51,585,696  46,274,738 
           

11


Notes to the Consolidated Financial Statements

7.  Mining interests and property, plant and equipment
 
      December 31, 2007           December 31, 2006   
        Accumulated  Net Book        Accumulated  Net Book 
      Cost  Amortization  Value    Cost    Amortization  Value 
Mining interests:                   
Producing properties    $ 306,023,916  $ 35,876,544 270,147,372    $ 275,896,208    $ 16,416,120 259,480,088 
Exploration properties    110,554,665  - -  110,554,665    109,250,197    - -  109,250,197 
      416,578,581  35,876,544  380,702,037    385,146,405    16,416,120  368,730,285 
Property, plant and equipment:                 
Processing plant    89,277,457  17,519,565  71,757,892    83,439,699    7,536,250  75,903,449 
Exploration equipment    54,103,648  9,878,742  44,224,906    48,016,568    5,046,054  42,970,514 
Development equipment    51,627,155  7,097,362  44,529,793    31,351,127    4,477,211  26,873,916 
Buildings    18,519,049  3,087,691  15,431,358    13,471,478    2,335,617  11,135,861 
Other equipment    5,026,003  1,881,748  3,144,255    3,993,103    1,101,674  2,891,429 
Vehicles    3,238,495  1,397,245  1,841,250    2,606,051    792,253  1,813,798 
Equipment under capital lease  9,082,975  1,631,071  7,451,904    8,408,758    563,353  7,845,405 
Construction in progress    2,957,745  - -  2,957,745    1,230,664    - -  1,230,664 
      233,832,527  42,493,424  191,339,103    192,517,448    21,852,412  170,665,036 
Total      $ 650,411,108 $ 78,369,968 572,041,140    $ 577,663,853    $ 38,268,532 539,395,321 
 
 
8. Long-term debt and capital leases
              December 31  December 31 
                  2007  2006 
(a) 

Revolving credit facility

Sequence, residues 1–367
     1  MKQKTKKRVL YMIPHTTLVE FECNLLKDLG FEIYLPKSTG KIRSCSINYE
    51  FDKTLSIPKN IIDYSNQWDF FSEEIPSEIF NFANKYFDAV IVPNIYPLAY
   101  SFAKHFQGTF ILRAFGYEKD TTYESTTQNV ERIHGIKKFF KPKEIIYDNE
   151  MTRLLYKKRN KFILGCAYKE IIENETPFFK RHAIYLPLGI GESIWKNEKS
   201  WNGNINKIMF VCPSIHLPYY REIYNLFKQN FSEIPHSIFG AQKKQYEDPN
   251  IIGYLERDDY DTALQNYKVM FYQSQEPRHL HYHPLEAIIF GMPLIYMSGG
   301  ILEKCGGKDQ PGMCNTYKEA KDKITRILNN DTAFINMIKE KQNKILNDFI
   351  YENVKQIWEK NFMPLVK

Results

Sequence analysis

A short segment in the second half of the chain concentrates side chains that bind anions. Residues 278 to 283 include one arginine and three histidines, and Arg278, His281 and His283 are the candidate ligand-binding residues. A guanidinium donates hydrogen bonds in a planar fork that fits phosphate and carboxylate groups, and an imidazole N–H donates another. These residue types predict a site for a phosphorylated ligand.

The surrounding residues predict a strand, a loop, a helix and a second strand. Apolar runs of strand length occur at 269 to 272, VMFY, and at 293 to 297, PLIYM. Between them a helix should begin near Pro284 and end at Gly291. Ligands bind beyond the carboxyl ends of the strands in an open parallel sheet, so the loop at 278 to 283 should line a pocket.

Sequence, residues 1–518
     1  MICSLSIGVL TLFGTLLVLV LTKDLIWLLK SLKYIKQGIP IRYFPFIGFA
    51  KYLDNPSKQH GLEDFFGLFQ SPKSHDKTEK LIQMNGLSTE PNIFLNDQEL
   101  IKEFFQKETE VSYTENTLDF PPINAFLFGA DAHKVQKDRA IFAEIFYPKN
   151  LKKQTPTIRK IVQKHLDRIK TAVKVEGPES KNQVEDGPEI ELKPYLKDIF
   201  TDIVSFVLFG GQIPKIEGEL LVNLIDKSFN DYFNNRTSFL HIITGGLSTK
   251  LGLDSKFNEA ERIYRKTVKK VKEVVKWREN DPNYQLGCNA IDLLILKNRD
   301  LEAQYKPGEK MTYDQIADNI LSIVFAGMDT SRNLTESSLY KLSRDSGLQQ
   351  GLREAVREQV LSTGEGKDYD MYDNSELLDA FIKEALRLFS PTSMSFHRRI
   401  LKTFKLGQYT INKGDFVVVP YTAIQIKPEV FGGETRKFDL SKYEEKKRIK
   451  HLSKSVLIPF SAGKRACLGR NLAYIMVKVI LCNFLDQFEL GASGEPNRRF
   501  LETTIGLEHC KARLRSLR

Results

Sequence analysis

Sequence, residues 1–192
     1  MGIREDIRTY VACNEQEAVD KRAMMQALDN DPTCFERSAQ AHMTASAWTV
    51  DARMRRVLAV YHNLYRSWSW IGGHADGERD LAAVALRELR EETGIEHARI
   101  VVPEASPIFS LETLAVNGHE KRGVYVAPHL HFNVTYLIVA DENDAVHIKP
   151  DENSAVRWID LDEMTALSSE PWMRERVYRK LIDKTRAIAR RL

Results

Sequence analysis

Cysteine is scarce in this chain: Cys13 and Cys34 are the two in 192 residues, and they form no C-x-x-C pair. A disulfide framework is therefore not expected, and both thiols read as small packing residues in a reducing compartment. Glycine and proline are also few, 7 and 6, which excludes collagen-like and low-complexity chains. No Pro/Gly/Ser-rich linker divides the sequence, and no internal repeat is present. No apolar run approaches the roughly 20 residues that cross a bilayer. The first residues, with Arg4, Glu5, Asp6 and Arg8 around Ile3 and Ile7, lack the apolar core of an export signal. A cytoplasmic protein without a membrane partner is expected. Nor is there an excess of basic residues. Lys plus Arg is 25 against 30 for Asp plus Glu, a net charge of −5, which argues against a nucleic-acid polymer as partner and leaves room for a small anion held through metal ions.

$ 30,480,000 $ 113,793,619 
(b)  Capital leases for equipment          3,605,265  5,461,356 
(c)  Soyopa loan                - -  6,735,223 
(c)  Mining Development Trust Loan            - -  3,499,807 
(d)  Other long-term debt                320,987  156,133 
              34,406,252  129,646,138 
Less: Current portion of long-term debt and capital leases          33,072,638  66,038,538 
                $ 1,333,614 $ 63,607,600 
 
The estimated future minimum debt and lease payments under all facilities are as follows:       
 
2008  33,072,638               
2009  1,234,872               
2010  98,742               

(a)     

In October 2005, May 2006, and December 2006, the Company secured a credit facility with Bank of Nova Scotia and Société Générale. The facility was secured and consisted of a two-year revolving facility of $32,500,000, and a three- year non-revolving facility of $87,500,000. Interest was payable at prime rate plus 1.25% or in the case of US dollar advances, LIBOR + 2.25%. As at December 31, 2006, the Company had drawn $113,800,000 on this facility. On April 24, 2007, the Company repaid the debt facility with proceeds from a public equity offering. The $32,500,000 revolving credit facility remained available to the Company, and was reduced to $20,000,000 at June 30, 2007, pursuant to its terms. In September 2007, Bank of Montreal replaced Société Générale in that credit facility. Bank of Montreal and Bank of Nova Scotia agreed to maintain the $20,000,000 facility at September 30, 2007 when it was otherwise scheduled to reduce to $10,000,000.

 

12


Notes to the Consolidated Financial Statements
   
 

On November 12, 2007, the Company replaced the $20,000,000 revolving facility with a $60,000,000 revolving facility with the Bank of Nova Scotia and Bank of Montreal, expiring on December 31, 2008. The Company will have an initial availment of $47,500,000 increasing to $60,000,000 upon the completion of certain conditions. Interest is payable at prime rate plus 0.75% or in the case of US dollar advances, LIBOR + 1.75%. As at December 31, 2007, the Company had drawn $30,480,000 under this facility.